The dream of a family church camp in Idaho came to some Brethren who were camping and fishing together in the early 1920s along Goose Creek in Meadows Valley. The question was raised, “Why don’t the Brethren from the Idaho churches assemble together in the summertime at a convenient time and place for fishing, study, and worship?” In the summer of 1923, a Summer Assembly was convened on the Fruitland school grounds, and this event featured local and national Brethren leaders. The response to this event was encouraging and the Brethren enthusiastically endorsed the proposal for a family church camp.
The Rev. Herschel Shank was a prime mover in the quest for church camps, and the first camp became a reality in the summer of 1924. Because the Meadows Valley was centrally located between the churches in southern and northern Idaho, this location was chosen as a site for the camp. Campgrounds were rented from the Kreigbaum family and Brethren families pitched a tent and cooked their meals outside over iron grates. Despite Idaho’s remote location, this camp attracted prominent national leaders of the Brethren and enthusiasm for church camping continued to grow. Evidence of widespread support is confirmed by the fact that camp registration in 1931 was 304, a significant achievement in a church district with approximately one thousand members belonging to congregations separated as much as 500 miles apart.
By 1927, it was evident that the response by the Brethren in Idaho for a church camp was enthusiastic. On the basis of this confirmation, the camp leadership sought a permanent location. A contract to purchase forty wooded acres bounded by two creeks one mile downstream near Old Meadows was approved. These forty acres comprising the current camp site were purchased from Frank Keska for $700 in 1927. Since this property had to be prepared for habitation and program activities, our camp program was held one more year on the Kreigbaum site above Packer John’s cabin. During favorable weather in 1928, an access road was developed, a bridge constructed over Goose Creek, navigable roads were built to various locations on the campgrounds, a well was dug, rest rooms built, and very few structures. The first Brethren camp on the new property was held in 1929. One of the featured speakers that year was the pioneer missionary to India, Rev. Wilbur Stover. No private cabins had yet been built and all families were housed in tents. Many people slept on straw ticks and straw was conveniently available from Mr. Kreigbaum. Since there was no dining hall, families were requested to host guest leaders for breakfast, lunch, and dinner. Meal preparation for guests under those conditions required considerable effort. Their reward was one on one contact with some of the great leaders of our denomination. The evening worship service featured sermons by some of our distinguished leaders and subsequent relocated to a campfire. I vividly recall a sermon by Rev. Harper Will, then pastor at Twin Falls, when he said, “Not many people come to Christ head first. It is their heart, not their brain, which draws them to Christ.”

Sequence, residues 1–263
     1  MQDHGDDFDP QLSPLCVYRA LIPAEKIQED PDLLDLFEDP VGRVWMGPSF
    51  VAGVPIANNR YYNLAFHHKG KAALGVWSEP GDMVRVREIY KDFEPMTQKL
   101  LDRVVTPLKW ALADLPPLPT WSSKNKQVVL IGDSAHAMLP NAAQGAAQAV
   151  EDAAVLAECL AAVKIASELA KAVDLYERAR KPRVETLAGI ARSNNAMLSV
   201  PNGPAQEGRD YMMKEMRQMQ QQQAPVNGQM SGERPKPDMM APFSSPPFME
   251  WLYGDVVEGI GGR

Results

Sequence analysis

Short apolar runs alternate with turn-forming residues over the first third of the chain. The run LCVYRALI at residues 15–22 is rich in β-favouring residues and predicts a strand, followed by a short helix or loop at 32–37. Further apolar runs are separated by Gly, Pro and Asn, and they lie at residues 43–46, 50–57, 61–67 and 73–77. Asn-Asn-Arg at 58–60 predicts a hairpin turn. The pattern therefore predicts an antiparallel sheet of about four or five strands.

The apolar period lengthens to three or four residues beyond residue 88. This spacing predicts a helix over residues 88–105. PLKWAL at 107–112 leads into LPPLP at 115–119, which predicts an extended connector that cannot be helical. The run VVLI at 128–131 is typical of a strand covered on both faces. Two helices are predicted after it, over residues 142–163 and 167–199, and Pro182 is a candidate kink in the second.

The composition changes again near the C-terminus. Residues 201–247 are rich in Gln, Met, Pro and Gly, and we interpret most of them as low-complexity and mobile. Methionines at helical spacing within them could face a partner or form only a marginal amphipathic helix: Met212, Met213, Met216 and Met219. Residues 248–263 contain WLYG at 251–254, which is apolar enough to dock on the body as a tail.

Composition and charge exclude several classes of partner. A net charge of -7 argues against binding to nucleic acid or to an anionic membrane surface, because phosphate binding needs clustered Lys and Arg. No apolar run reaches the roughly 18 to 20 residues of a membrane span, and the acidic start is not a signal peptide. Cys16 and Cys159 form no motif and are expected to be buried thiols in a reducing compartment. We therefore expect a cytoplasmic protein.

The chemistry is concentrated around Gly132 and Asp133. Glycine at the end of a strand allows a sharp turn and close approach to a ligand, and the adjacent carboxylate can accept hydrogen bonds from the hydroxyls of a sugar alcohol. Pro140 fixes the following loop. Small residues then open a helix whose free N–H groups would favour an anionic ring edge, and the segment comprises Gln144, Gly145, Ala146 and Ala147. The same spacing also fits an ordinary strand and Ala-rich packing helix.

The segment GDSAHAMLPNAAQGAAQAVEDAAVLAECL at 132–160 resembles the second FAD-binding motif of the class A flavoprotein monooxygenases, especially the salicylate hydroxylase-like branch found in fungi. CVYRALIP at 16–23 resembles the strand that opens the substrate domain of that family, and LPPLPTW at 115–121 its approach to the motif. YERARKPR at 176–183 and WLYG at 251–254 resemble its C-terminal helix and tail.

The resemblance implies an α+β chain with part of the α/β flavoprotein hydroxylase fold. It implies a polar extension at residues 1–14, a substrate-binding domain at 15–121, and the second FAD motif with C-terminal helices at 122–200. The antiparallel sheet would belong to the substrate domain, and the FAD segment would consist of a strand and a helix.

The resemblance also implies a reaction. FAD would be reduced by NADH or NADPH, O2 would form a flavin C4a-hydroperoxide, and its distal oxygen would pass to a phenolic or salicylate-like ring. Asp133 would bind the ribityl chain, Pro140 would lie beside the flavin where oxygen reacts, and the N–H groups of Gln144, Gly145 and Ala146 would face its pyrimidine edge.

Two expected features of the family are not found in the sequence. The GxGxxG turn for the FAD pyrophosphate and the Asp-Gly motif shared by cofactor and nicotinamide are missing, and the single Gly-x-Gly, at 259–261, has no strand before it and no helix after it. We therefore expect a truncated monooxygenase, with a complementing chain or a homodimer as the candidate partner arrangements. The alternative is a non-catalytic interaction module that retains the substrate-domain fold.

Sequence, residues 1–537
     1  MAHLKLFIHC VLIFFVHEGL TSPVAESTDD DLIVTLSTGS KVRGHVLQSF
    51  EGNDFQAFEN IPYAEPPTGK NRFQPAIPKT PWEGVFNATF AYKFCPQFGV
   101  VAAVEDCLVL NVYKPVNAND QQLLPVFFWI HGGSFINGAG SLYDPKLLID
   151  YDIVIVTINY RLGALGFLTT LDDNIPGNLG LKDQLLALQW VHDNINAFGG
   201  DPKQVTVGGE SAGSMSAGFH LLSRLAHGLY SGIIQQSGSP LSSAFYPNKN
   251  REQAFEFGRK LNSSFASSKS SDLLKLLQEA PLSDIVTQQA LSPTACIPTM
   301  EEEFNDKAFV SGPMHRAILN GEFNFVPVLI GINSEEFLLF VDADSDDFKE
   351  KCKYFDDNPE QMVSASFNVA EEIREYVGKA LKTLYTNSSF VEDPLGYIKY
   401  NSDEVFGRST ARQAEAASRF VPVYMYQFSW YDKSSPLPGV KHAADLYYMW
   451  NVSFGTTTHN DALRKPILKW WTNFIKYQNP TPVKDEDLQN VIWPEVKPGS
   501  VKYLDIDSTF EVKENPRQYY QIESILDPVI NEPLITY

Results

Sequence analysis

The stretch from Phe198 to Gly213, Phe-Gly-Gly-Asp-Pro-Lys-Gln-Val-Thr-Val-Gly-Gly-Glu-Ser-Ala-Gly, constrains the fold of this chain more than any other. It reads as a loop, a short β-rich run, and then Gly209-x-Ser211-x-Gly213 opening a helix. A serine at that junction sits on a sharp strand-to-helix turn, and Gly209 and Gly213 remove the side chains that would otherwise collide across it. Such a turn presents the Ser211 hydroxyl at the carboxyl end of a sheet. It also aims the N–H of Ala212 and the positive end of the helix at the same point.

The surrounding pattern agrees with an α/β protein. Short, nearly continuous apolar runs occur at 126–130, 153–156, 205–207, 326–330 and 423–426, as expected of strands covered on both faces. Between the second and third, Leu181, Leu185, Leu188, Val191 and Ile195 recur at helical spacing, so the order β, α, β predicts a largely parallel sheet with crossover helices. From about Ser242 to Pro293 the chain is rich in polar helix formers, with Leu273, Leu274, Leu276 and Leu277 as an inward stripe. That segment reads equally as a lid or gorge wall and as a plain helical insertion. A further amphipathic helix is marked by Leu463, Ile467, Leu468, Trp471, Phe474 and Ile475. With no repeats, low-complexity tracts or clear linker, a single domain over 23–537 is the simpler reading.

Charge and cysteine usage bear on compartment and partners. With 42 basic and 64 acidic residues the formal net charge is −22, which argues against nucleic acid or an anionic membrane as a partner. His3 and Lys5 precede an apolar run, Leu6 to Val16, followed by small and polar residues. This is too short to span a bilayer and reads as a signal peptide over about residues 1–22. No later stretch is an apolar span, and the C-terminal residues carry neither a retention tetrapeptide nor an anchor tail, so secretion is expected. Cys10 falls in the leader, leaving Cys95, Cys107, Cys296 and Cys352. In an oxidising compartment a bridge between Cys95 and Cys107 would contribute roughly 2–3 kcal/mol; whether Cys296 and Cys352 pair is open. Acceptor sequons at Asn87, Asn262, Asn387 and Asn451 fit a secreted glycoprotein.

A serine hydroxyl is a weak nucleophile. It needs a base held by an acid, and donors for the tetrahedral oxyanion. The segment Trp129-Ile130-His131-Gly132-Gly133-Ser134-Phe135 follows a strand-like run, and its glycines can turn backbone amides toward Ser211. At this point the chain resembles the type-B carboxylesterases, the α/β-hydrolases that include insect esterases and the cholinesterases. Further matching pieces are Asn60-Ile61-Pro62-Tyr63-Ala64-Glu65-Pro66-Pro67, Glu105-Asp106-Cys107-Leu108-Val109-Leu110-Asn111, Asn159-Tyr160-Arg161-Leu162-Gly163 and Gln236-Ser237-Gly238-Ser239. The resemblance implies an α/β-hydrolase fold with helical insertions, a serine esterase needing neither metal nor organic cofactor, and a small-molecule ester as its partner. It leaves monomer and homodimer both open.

After retirement of the debt on the campground plus one successful camp season at the new location, a highlight of the 1930 camp was the dedication of our church camp. At the time that the Idaho camp was established, foreign missionary activity among the Brethren enjoyed strong support and the campers made an easy decision to name the camp after Bro. Wilbur Stover, pioneer missionary to India. The cabins built for camp leadership have also been named in honor of Idaho Brethren who served on the foreign mission field. It is noted that Bro. Stover died on October 31, 1930, less than four months after we honored him by choosing the name “Camp Stover.” The building of cabins was encouraged by a provision that families could build their own cabin on land whose title was retained by the camp. Strict rules have been enforced to ensure that these cabins do not fall into the hands of non- Brethren who might be unsympathetic and uncooperative with the program activities of camp.
The first two private cabins built at Camp Stover were constructed by the Kenepp and Keim families. Sam Kenepp was the first camp manager and his cabin was built where the road diverges after crossing the bridge. This was a very strategic location for observing traffic entering and leaving camp. Currently Marvin and Mary Blough have renovated the Kenepp cabin. Transportation in Idaho 80 years ago was a different story. Today many people coming to Camp Stover from the Nampa-Boise area travel Highway 55 along the Payette River to McCall. I never traveled it before World War II but I clearly remember the hazardous one lane road from New Meadows to McCall with turnouts for negotiating the problem of oncoming cars. The most dreaded stretches of the road from Weiser to New Meadows was the Midvale hill and the ascent to Mesa Orchard and the switchbacks required to descend.
After attending ten out of the first eleven years of Camp Stover, I left for McPherson College It is my conviction that Camp Stover is the greatest unifying force for the Brethren in Idaho. No other event in the life of the church in Idaho brings so many people together as our annual church camp. When people from several congregations wash dishes together, play together, work together cleaning camp or building new facilities, participate in common discussion groups, and sing and worship together for a week, the positive contribution toward cohesion is truly significant.
My objective in writing this paper was to define the early years of Camp Stover. After researching the archives, I discovered that I couldn’t do that at this time. There are comprehensive bound minutes from 1946 forward but none are available earlier. The fact that the first camp was in 1924 is confirmed by the minutes of the Nampa congregation.
(July 13, 2004) W. LaMar Bollinger